Category: Vocabulary

17 Feb

Kanji

Juju Kurihara Japan, Vocabulary Tags: 0 Comments

Kanji (漢字) is one of the Japanese wrting system along with Hiragana and Katakana. Both Hiragana and Katakana were made from Kanji by simplifying the character. Kanji was first created in China and is an ideogram. During 5th-6th century, Kanji was imported from China to Japan by Japanese monks and students who studied there. Traditionally kanji were mostly used by men or well educated women, and Hiragana was invented for women to use.

One Kanji usually has more than one way of reading and there are more than 10,000 kanji. Obviously it's imporssible to remember all characters so that Japanese people use special Kanji dictionary. 

The Japanese Ministry of Education announces a list of official Kanji characters which is called Joyo kanji (usual use kanji). According to the latest announcement in 2010, 2136 kanji are set as joyo kanji.

This dictionary contains 14,313 individual kanji which is more than enough for to read the newspaper.

 

kanji dictionary

This is the complete version of Kanji dictionary which includes 50,000 individual kanji and 500,000 phrases.

I like to have them just to decorate my book shelf.

daikanwa jiten

 

16 Feb

Katakana

Juju Kurihara Japan, Vocabulary Tags: 0 Comments

Katakana (カタカナ) is one of the Japanese wrting system along with Hiragana and Kanji. As well as Hiragana, Katakana is phonetical and is a simplified form of Kanji.

Katakana is mainly used in modern Japanese language when a word describes foreign language or names.

Ex: Television – テレビ (terebi)

       Coffee – コーヒー (koohii)

       Penelope Cruz – ペネロペ・クルス (Peneroepe Kurusu).

 

Katakana chart

katakana chart

 

 

More about Japanese language

Banzai

Onomatopoeia with Mado Michio

Onomatopoeia with Taro Gomi

Kazoe uta

Hiragana

16 Feb

Shokunin

Juju Kurihara Japan, Vocabulary Tags: 0 Comments

Shokunin (職人・craftman) are those who are skilled and create things by hands in the industrial field. Traditionally shokunin are respected in the society, and in fact, in Edo periodo they were considered to be a higher social class than merchants.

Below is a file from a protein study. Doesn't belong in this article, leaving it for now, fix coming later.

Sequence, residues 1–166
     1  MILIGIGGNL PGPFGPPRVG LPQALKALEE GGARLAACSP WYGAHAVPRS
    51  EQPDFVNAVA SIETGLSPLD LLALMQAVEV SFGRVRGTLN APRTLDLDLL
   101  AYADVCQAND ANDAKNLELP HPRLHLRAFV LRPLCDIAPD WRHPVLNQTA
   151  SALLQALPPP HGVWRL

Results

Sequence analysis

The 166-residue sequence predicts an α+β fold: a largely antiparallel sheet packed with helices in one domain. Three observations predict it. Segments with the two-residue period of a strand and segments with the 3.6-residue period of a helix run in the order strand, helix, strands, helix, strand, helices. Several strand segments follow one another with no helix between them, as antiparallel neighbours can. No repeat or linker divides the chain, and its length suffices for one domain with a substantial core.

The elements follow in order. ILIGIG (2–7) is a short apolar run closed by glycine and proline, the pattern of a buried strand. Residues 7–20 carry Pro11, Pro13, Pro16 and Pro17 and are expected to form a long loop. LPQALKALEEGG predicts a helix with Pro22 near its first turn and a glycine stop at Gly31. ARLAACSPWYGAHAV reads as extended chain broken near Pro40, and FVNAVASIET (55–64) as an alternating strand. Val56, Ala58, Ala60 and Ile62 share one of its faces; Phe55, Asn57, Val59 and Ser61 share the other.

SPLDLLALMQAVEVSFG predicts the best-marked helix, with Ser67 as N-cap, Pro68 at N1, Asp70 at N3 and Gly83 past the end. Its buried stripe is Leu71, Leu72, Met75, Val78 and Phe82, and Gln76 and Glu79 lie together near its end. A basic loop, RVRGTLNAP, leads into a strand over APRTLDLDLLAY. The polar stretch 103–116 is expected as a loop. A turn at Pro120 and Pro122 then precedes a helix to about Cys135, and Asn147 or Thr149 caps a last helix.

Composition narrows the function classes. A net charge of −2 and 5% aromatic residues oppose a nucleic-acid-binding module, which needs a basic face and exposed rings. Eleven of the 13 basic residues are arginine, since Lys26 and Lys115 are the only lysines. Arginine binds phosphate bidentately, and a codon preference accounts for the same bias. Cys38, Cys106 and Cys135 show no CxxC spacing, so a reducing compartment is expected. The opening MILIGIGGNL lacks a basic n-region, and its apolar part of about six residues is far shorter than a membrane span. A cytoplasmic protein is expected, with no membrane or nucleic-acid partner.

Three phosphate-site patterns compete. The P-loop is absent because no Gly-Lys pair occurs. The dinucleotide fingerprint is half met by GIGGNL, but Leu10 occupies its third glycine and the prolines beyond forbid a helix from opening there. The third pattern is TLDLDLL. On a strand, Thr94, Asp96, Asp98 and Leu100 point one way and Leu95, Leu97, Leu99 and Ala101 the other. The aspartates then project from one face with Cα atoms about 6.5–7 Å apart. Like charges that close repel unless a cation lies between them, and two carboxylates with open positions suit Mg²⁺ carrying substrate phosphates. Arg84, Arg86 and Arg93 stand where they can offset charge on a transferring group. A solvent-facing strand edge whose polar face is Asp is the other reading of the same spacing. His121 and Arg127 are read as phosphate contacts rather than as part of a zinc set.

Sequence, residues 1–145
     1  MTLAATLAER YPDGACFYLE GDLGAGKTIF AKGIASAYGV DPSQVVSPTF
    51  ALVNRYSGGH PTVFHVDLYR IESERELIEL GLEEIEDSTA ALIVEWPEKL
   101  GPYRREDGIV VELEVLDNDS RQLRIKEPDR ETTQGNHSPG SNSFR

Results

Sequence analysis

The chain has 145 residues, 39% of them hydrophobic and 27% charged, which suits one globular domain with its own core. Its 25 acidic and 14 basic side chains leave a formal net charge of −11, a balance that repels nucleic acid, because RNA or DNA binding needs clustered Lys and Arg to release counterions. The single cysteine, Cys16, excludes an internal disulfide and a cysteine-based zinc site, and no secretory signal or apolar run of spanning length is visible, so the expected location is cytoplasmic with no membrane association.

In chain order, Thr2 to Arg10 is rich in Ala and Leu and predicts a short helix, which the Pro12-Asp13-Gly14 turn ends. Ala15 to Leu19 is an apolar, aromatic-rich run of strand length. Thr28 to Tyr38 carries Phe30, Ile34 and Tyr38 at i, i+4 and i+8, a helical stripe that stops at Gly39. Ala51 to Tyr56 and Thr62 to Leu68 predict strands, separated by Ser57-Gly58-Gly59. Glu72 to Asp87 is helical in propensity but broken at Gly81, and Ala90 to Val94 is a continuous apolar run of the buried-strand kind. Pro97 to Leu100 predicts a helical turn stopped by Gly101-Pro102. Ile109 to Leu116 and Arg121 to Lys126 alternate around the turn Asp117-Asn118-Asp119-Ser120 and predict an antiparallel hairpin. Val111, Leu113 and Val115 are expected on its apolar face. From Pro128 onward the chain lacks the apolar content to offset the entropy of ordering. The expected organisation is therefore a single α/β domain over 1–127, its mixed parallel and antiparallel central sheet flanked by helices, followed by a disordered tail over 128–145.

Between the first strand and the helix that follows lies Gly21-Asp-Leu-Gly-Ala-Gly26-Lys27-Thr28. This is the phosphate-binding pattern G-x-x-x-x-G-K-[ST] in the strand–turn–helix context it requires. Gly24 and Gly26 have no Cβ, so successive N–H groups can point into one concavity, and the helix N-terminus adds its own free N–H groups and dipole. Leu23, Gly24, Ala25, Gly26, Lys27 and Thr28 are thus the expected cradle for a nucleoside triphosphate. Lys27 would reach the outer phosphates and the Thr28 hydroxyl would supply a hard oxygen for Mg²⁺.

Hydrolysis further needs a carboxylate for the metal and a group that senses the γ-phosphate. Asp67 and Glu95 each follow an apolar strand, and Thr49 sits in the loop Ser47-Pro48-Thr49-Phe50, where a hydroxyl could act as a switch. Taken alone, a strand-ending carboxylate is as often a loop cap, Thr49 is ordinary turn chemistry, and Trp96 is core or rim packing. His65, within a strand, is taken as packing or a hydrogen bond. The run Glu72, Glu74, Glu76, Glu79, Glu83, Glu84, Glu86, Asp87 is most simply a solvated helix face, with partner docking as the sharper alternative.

In modern Japan, the word shokunin applies to wider professions. As well as those who dedicate handicraft, carpenter (大工・Daiku), plasterer (左官・Sakan) and gardener (庭師・Niwashi), those who deal with food such as shushi chef or baker.

The most respected shokunin were those who manage metal. Japan used to bring many metal shokunin from Korea as they were known to have excellent skill.

 

 

 

14 Feb

Kenkoku no Hi (建国の日)

Juju Kurihara Japan, Vocabulary Tags: 0 Comments

Kenkoku no Hi, celebration parade.

 

The 11th of February is the National Foundation Day since 1966 in memory of the foundation of Japan in and as the day to grow love towards the country. According to the Japanese second old mythology, "Nihon Shoki", Japan was founded on this day in 660BC.

 

After the World War II, it had been prohibited to celebrate this day as GHQ was cautious about Japanese people getting too patriotic by worshipping the Emperor but with the desire of Japanese nation, it revived as Kenkoku no Hi in 1966.

 

Usually this day, there are celebration parades in many places in Japan but also, there are many protests against this celebration. It's quite controversial.

Protest march in Tokyo in 2010

13 Feb

Kaidan (怪談)

Juju Kurihara Japan, Vocabulary Tags: 0 Comments

Kaidan (怪談)means ghost story or horror in Japanese although it usually refers to Japanese old traditional ghost folktales. Kaidan is a story about death, ghost and monsters and it first appeared in a written form dates back to Heian period (early 12th century). In the 18th century, it became one of the popular topics in Kabuki.

 

In the early 20th, a Greek born Irish author, Yakumo Koizumi (Lafcadio Hearn) collected old traditional Kaidan stories and folk stories all over Japan and published a book "怪談 (Kwaidan)". One of his stories, "耳なし芳一(Mimi nashi Houichi / Houichi the earless)" is a story all Japanese have read in their childhood.    

 

Kaidan used to be a typical summer event as well as the fireworks. To chill in the hot and humid summer in Japan, scary stories were perfect.

 

 

Nopperabou

Oiwa san

Rokuro kubi

 

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